UNL MRSEC paper, in collaboration with work by EE's Mathias Schubert and team, published in physics journals
A paper by UNL's Materials Research Science and Engineering Center, including work by Professor Mathias Schubert's team with the Department of Electrical Engineering, has excelled in prominent physics journals. "Direct graphene growth on Co3O4 (111) by molecular beam epitaxy" was published in the Journal of Physics: Condensed Matter (JPCM); the Institute of Physics (IoP) selected that article for its yearly scientific highlights of 2012: one of approximately 40 papers chosen from 1,800 candidates. The paper has had more than 4,000 downloads from IoP, prior to this higher recognition.
Research by Wei Xiong, electrical engineering graduate student with UNL's Laser-Assisted Nano-Engineering Lab team, has become one of the "top-five most cited papers" in Nature LSA. The work is titled "Simultaneous additive and subtractive three-dimensional nanofabrication using integrated two-photon polymerization and multiphoton ablation."
A team including Wei Qiao, assistant professor with UNL’s Department of Electrical Engineering, earned First Prize - Best Paper Award from the Institute of Electrical and Electronics Engineers’ (IEEE) Industrial Applications Society, Renewable and Sustainable Energy Conversion Systems Committee. Qiao co-wrote the paper titled “Current-Based Diagnosis for Gear Tooth Breaks in Wind Turbine Gearboxes” for the organization’s 2012 Energy Conversion Congress & Expo. This honor will be celebrated at the IAS committee’s annual meeting during ECCE 2013: September in Denver.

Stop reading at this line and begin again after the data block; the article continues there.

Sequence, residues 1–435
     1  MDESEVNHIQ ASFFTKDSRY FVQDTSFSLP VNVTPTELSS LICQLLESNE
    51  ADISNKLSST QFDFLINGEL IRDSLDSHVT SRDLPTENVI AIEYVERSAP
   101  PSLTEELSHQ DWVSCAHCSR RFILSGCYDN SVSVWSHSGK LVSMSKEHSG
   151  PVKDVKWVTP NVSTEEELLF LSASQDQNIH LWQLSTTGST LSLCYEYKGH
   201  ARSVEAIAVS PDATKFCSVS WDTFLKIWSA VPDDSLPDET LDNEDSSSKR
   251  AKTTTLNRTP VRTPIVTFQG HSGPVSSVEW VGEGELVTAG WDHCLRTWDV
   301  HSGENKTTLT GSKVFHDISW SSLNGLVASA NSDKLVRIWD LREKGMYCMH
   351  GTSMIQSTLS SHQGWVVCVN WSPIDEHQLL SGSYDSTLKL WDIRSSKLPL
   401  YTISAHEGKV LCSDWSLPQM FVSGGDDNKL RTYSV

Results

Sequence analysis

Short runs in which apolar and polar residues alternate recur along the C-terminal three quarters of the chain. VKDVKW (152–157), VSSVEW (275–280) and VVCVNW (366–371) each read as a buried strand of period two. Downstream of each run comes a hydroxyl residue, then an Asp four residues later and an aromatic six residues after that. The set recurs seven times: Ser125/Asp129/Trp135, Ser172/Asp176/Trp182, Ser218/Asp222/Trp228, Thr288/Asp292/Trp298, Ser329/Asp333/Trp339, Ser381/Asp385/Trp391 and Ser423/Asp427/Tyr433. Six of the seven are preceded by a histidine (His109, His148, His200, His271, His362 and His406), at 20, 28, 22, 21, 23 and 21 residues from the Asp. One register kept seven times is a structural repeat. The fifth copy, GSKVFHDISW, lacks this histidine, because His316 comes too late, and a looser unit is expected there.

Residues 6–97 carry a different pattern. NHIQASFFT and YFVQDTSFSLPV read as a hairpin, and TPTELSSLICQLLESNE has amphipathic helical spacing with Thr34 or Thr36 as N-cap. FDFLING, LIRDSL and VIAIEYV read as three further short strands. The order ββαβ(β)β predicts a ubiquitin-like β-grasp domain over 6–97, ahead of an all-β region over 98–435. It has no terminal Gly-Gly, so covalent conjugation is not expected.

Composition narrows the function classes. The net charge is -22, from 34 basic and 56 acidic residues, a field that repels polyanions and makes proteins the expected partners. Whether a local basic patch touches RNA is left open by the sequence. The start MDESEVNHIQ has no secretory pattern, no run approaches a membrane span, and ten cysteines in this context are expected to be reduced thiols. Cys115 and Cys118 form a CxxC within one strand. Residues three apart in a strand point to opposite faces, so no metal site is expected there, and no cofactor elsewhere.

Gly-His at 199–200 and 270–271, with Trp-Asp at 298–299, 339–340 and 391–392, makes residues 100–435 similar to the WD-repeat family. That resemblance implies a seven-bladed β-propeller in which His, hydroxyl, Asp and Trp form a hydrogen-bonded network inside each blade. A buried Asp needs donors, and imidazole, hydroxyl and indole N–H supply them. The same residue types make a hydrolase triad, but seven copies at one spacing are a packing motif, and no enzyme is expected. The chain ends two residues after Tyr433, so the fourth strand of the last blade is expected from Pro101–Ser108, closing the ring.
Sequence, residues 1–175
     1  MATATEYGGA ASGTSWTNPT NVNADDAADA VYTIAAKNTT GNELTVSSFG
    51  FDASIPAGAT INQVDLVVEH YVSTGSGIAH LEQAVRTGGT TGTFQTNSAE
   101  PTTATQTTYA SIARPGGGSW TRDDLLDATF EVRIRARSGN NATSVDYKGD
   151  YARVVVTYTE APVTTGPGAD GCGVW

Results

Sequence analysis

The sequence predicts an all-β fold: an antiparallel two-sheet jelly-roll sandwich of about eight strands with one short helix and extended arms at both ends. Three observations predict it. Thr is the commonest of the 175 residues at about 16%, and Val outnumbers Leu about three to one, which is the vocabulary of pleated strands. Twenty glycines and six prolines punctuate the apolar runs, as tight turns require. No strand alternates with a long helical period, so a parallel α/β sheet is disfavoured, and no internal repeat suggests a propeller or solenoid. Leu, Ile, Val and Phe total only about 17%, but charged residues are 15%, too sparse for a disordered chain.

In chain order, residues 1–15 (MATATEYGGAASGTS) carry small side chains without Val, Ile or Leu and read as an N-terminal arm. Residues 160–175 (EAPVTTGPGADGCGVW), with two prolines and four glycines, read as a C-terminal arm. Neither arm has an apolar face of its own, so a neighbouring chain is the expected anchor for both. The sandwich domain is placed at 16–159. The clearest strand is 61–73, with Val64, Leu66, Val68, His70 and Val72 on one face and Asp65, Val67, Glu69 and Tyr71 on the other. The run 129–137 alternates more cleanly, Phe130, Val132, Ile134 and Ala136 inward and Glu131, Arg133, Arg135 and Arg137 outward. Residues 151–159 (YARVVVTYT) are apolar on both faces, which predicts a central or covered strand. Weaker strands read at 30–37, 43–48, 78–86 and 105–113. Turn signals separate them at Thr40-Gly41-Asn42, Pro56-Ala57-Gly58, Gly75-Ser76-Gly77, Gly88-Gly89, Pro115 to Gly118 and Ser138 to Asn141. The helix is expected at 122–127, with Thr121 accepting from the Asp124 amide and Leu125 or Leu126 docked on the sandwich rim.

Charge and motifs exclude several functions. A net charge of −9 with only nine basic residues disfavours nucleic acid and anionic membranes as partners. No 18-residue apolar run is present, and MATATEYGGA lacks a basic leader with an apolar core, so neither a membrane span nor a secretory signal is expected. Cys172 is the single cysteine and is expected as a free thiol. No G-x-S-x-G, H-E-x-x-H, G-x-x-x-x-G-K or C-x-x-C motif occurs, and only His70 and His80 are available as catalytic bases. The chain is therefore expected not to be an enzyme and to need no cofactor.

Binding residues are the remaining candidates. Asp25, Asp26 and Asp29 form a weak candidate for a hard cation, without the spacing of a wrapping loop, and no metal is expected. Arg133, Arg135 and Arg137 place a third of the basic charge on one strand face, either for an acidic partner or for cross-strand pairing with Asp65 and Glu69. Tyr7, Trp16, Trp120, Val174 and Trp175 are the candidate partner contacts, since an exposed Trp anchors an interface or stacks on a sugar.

Colon gains prestigious UNL graduate award
Juan Colon, Ph.D. was one of two winners of this year’s Lowe R. & Mavis M. Folsom Distinguished Doctoral Dissertation Award. Colon, from San Lorenzo, Puerto Rico, studied with both Electrical Engineering and Physics programs at UNL. His dissertation's title is "Rare Earth Dopants in Semiconducting Host Systems for Spin Electronics Devices."
John Woollam, George Holmes Distinguished Professor, was awarded the APS 2013 Prize for Industrial Applications of Physics. Woollam also leads Lincoln's J.A. Woollam Company, which specializes in producing spectroscopic ellipsometers for research and industry. In addition, Woollam has funded a series of graduate fellowships at UNL.
A UNL Electrical Engineering team earned fifth place in the Smarter Planet Challenge, sponsored by IBM, with its GIS-based Wind Farm Suitability and Planning Study. Led by EE graduate students Salman Kahrobaee of Tehran, Iran, and Dingguo Lu of Hangzhou, China, team members also included UNL GIS and remote sensing students Tarlan Razzaghi of Tehran, Anthony L. Nguy-Robertson of Mooresville, Ind., and David Gibbs of Earlysville, Va. Lu and Kahrobaee had worked on the initial concept in a wind energy class taught by Jerry Hudgins, professor and chair in UNL's electrical engineering department. They further developed the project with their collaborators and Don Rundquist, a professor in the School of Natural Resources, to help layer data on site topography, wind patterns and other environmental factors for more informed and effective placement of wind turbines. "It's great that what we learned in class can apply to real challenges," Lu said. Kahrobaee added, "It was fun to work on this project with students from other disciplines." Their team's $1,000 prize will help them refine the project for potential commercialization.